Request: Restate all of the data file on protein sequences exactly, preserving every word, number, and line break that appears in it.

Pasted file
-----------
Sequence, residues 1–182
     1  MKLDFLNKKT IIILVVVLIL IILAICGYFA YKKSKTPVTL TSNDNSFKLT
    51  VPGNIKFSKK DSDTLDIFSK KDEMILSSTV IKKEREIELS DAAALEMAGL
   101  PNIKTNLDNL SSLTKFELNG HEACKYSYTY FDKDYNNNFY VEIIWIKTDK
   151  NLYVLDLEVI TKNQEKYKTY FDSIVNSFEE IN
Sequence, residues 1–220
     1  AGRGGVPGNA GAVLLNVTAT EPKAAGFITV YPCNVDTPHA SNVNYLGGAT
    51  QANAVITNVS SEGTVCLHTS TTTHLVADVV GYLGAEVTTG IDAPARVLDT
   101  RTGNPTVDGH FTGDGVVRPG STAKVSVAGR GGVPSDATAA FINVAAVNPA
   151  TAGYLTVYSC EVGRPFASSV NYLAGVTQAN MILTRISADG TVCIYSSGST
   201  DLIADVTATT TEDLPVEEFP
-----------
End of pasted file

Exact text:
Sequence, residues 1–182
     1  MKLDFLNKKT IIILVVVLIL IILAICGYFA YKKSKTPVTL TSNDNSFKLT
    51  VPGNIKFSKK DSDTLDIFSK KDEMILSSTV IKKEREIELS DAAALEMAGL
   101  PNIKTNLDNL SSLTKFELNG HEACKYSYTY FDKDYNNNFY VEIIWIKTDK
   151  NLYVLDLEVI TKNQEKYKTY FDSIVNSFEE IN
Sequence, residues 1–220
     1  AGRGGVPGNA GAVLLNVTAT EPKAAGFITV YPCNVDTPHA SNVNYLGGAT
    51  QANAVITNVS SEGTVCLHTS TTTHLVADVV GYLGAEVTTG IDAPARVLDT
   101  RTGNPTVDGH FTGDGVVRPG STAKVSVAGR GGVPSDATAA FINVAAVNPA
   151  TAGYLTVYSC EVGRPFASSV NYLAGVTQAN MILTRISADG TVCIYSSGST
   201  DLIADVTATT TEDLPVEEFP